Welcome your doubts. There’s room for them here. Don’t be ashamed of your questions, of the things you don’t know. Questions are holy and righteous and deserve to be heard. And the things that you don’t know yet? They create room for you to learn and grow. Belief and doubt are friends; let them be together; you don’t need to keep them apart to be right or good or holy. Let them be. Let yourself be.
There’s a beautiful tension between trust and belief and curiosity and inquiry that will lead you always and ever onwards. Because the truth is? Your doubt is holy; your questions are sacred; it is not shameful to be learning still. The Christian tradition is one born of questions and doubts, where they are invitations for presence, not opportunities for judgement.
In the Biblical text: Mary asked, “A virgin birth, how?” A lawyer asked, “Who is my neighbour?” Peter asked, “How many times should I forgive?” Nicodemus asked, “What are you saying with this ‘born from above’ talk?” The Pharisees asked, “By what authority do you do these things?” John the Baptist asked, “Are you the one? Or should I look for another?” Jesus asked, “My God, My God! Why have you abandoned me?”
In her book, Inspired, Rachel Held Evens said: “For Jewish readers, the tensions and questions produced by Scripture aren’t obstacles to be avoided, but rather opportunities for engagement, invitations to join in the Great Conversation between God and God’s people that has been going on for centuries and to which everyone is invited.”
And the answers come in the living. Not in words and formulas and certainties but in the form of love and life and faith. And then there’s this: the answers are ongoing. Answers unfold. They’re dynamic and alive and full of movement. Faith is often relegated to a box, a political party, the way a prayer is said out loud, the way we quote scripture, the lines we say when we hear bad news; the songs we sing, where we go on Sunday morning; the dogmas and doctrines, the leaders and the rules. But faith doesn’t live in a box.
The letter to the Hebrews says: “Faith is the assurance of things hoped for, the conviction of things not seen,” and Frederick Buechner said: “Faith is better understood as a verb than as a noun, as a process than as a possession. It is on-again-off-again rather than once-and-for-all. Faith is not being sure where you’re going, but going anyway. A journey without maps.”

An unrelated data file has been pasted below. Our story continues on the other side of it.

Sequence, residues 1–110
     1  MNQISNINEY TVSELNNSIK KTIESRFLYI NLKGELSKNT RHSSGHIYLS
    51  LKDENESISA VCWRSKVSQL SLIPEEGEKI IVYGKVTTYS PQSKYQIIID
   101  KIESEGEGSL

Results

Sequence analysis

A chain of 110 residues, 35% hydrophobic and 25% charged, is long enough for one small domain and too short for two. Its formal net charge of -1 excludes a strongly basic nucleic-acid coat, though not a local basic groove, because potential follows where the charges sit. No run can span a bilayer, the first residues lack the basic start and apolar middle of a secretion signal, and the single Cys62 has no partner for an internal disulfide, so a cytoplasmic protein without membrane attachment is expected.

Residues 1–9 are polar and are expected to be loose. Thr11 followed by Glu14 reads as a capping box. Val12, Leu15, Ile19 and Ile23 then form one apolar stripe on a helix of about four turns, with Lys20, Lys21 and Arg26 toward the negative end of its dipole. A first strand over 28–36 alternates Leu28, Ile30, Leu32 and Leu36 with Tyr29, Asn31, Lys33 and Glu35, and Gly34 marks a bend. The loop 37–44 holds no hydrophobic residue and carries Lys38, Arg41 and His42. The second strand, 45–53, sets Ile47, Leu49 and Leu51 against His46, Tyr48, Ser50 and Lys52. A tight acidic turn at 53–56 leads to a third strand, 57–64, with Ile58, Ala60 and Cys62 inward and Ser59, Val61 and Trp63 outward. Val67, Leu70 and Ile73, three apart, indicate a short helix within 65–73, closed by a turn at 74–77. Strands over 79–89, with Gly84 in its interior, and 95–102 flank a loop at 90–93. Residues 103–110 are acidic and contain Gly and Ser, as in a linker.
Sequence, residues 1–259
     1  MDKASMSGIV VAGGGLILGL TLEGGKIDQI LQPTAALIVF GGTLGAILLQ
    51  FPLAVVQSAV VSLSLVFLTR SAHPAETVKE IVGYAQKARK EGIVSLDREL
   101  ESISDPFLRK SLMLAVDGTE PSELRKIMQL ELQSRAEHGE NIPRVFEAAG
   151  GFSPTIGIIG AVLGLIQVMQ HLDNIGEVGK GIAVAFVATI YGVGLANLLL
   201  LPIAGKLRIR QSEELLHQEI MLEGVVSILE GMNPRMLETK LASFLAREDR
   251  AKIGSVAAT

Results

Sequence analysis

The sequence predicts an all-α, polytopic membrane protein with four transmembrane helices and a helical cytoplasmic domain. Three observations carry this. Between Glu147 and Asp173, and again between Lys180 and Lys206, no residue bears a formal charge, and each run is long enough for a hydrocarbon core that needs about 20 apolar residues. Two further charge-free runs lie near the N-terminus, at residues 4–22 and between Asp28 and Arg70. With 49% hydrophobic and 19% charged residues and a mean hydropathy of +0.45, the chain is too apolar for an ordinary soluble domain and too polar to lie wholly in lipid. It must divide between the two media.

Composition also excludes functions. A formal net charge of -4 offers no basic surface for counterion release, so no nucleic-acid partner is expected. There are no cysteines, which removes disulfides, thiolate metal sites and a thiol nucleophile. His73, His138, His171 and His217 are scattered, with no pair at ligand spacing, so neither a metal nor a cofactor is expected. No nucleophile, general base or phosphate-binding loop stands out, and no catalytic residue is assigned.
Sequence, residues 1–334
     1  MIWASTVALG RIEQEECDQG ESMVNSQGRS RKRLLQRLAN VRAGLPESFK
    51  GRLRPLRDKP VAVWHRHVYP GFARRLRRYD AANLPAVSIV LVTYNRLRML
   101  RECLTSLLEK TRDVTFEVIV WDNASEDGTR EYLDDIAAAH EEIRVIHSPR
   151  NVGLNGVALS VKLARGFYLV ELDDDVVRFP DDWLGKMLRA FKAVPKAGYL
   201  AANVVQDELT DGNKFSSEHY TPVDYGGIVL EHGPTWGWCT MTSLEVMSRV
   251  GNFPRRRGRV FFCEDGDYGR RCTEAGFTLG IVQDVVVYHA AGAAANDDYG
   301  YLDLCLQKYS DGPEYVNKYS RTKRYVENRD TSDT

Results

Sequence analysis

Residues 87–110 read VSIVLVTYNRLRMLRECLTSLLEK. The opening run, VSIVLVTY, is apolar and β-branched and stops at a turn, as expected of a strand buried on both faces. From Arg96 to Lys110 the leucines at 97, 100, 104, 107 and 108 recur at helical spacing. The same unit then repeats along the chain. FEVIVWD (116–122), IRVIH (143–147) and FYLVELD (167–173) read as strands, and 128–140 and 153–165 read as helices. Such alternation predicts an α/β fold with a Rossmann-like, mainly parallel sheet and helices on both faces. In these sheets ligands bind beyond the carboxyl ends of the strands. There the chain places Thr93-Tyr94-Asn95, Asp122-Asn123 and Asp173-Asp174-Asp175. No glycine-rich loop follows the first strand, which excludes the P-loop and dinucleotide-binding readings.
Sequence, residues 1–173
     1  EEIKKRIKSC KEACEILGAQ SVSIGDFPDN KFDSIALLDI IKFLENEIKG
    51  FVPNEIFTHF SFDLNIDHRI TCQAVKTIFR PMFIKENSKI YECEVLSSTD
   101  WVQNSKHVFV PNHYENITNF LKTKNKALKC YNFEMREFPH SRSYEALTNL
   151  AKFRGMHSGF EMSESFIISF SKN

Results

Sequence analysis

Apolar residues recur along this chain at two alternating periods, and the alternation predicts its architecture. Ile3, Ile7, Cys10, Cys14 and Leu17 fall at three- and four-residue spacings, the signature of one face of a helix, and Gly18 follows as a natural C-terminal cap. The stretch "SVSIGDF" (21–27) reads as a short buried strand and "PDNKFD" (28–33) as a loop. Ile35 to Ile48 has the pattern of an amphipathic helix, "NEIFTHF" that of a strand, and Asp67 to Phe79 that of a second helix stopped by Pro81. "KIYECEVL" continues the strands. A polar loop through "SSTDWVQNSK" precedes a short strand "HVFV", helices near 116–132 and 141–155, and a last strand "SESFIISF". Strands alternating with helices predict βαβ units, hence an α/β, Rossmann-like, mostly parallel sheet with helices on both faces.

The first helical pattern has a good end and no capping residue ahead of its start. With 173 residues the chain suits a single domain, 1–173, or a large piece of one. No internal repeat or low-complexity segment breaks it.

Alan Watts said: “Faith is a state of openness or trust. To have faith is like when you trust yourself to the water. You don’t grab hold of the water when you swim, because if you do you will become stiff and tight in the water, and sink. You have to relax, and the attitude of faith is the very opposite of clinging, and holding on. In other words, a person who is fanatic in matters of religion, and clings to certain ideas about the nature of God and the universe becomes a person who has no faith at all. Instead, they are holding tight. But the attitude of faith is to let go, and become open to truth, whatever it might turn out to be.”
Questions deepen your faith and take you further down the road of belief; deeper into truth, whatever it might turn out to be, again and again and again. Because this is also true: doubt that is pacified, ignored, smothered, turned away, pushed down, covered up, hidden, is doubt that will fester and twist and become something else altogether, a bitter and hardened pain that will cripple you and take your wonder away. Doubt that is welcomed, acknowledged, and accepted is doubt that has a chance to learn and explore and bloom and grow, bringing you to presence, bringing you to wonder.
Words of Grace and Healing from Liz Melani, The Practice Co. This week’s series is called True Believer. Mindful Prompt: Faith never comes to an end. It begs for more conversation, more walking it out, more living it out, more questions. Ask. Seek. Knock. You will receive, you will find, and a door will open. And then? You do it all over again.